Sunday, September 30, 2007

Not such silly geese

Our winter visitors have been arriving in ever-increasing numbers in recent days. We love to walk across the field in the evening to see the geese devouring every ear of grain missed by the harvesters. At first we get groups of twenty or thirty, the early birds eager to get the first pickings? Then, over a period of a few weeks, the numbers increase until the sky is blackened and the noise is almost unbearable as the main flocks arrive to take advantage of our mild winter weather.

I really like to watch the stragglers coming in. A weak or injured bird will be escorted by a small number of geese. The bird at the rear honks fiercely, is it encouragement for the weakling or to let the main flock know they have arrived, I wonder? The rest fly in a tight formation to provide a strong slipstream for their exhausted member; as each of them tires, they fall to the back of the guard party and others come forward to take their place.

When I worked for the County, I had to attend the dreaded annual 'corporate team-building' days. We endured 'inspiring' talks from psycho-babblers, silly games, hand-holding, foot-massaging and other similar ways of wasting the taxpayers' money and our time. I found the following among my papers from those days, it isn't a bad description of the behaviour of geese, I'll let you judge whether you need to have its lessons spelt out so clearly:

Not such silly geese!

By flying in formation, each bird flies in the slip-stream of the bird in front, and the whole flock can increase its flying range by 71% over a single bird flying alone.
People who share a common direction and a sense of community can get where they are going quicker and more easily because they are travelling in trust with each other.

When the lead goose gets tired, it rotates back into the formation and another goose takes up the lead position.
It pays to take turns doing the hard tasks, and sharing leadership interdependently with each other.

Whenever a goose falls out of formation, it quickly gets back into line in order to take advantage of the ‘lifting power’ of the bird immediately in front.
If we have as much sense as a goose, we will step in formation with those who are heading where we want to go.

The geese in formation honk from behind to encourage those up front to keep up their speed.
We need to make sure that our honking from behind is encouraging and not something less helpful.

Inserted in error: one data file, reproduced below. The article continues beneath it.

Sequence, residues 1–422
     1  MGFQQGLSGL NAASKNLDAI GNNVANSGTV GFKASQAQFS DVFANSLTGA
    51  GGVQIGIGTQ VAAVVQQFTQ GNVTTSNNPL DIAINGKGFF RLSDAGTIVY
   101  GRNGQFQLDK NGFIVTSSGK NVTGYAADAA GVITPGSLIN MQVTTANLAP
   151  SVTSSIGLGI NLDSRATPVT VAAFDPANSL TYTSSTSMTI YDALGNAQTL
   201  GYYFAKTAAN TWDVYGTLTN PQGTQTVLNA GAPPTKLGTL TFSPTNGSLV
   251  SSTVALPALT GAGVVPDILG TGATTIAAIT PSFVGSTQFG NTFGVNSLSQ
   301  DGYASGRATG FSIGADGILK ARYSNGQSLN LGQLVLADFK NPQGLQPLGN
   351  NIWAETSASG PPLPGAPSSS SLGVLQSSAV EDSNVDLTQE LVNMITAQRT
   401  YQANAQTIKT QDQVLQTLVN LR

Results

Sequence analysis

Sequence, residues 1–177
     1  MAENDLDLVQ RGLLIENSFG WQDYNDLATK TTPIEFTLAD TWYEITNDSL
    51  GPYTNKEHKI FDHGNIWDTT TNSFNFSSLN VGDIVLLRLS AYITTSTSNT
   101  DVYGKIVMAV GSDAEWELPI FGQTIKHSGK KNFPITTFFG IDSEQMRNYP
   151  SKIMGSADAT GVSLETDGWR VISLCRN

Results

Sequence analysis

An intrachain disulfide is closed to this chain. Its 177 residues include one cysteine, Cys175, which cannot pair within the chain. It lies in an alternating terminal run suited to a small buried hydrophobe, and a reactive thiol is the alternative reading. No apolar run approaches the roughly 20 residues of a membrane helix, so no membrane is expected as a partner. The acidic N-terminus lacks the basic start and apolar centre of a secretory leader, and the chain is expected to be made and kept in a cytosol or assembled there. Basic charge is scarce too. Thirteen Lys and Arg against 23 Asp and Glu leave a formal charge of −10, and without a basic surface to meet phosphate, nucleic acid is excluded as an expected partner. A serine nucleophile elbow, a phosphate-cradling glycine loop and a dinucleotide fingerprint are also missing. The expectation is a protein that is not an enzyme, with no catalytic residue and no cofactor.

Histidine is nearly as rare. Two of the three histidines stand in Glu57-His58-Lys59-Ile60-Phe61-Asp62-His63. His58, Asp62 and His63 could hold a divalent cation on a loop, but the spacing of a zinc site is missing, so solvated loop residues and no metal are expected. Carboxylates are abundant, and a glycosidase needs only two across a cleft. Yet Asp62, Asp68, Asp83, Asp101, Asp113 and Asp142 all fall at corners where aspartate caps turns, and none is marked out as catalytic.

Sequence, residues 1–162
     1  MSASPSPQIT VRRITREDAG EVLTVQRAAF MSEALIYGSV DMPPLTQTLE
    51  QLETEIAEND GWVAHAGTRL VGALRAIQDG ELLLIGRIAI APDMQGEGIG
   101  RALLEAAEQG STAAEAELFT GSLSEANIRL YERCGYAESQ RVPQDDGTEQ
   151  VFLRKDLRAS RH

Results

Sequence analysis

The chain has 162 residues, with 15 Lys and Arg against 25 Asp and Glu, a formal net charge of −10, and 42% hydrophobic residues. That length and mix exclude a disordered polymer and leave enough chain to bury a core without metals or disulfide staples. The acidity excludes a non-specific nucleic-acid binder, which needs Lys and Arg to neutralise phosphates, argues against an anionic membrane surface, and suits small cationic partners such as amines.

When a goose gets sick or wounded or shot down, two geese drop out of formation and follow to help and protect. They stay until the goose is either able to fly again or dies.
If we have as much sense as geese, we’ll stand by each other and give our life and support to those in need.


  1. In respect for others not flying in my formation, I will refrain from commenting.

  2. Mmm - your mention of those team-building exercises brings back all sorts of unwelcome memories (mostly of being bored rigid). I used to sit through training days, weeks and even fortnights thinking 'what a complete waste of time and money'. No doubt they were good business for the trainers.

    I'd much rather watch geese.

  3. Yes, when I wasn't bored rigid, I was squirming with embarrassment!

  4. Interesting, isn't it, that the early Celtic church in the west of Scotland chose the goose as a symbol of the holy spirit - wild, free and very noisy - instead of the quiet and gentle dove. We are visited here by thousands of Brent geese and though the noise can indeed be pretty raucous, the sight of them flying in formation and an awareness of how very far they have flown to get here, never fails to lift the heart, I find.

  5. Juliet, welcome. I'm one of your so-far-silent daily visitors. I love living on the coast and look with envy at your island pictures.
    Thank you for the observation about the Celtic symbol, I hadn't thought of that although I love all the 'Wild Goose' publications from Iona.

  6. Speaking of the County's annual 'corporate team-building' days, I'm going to one tomorrow. It's at Sandy Park, Exeter - new home of Exeter rugby club.

    It will be my first one, though speaking to experienced colleagues, 'dreaded' sounds a correct description.
    Wish me luck!

  7. I hope you get the bored rigid, rather than the squirming with embarrassment kind, Ben. Just avoid eye contact with the speakers and enjoy the food!


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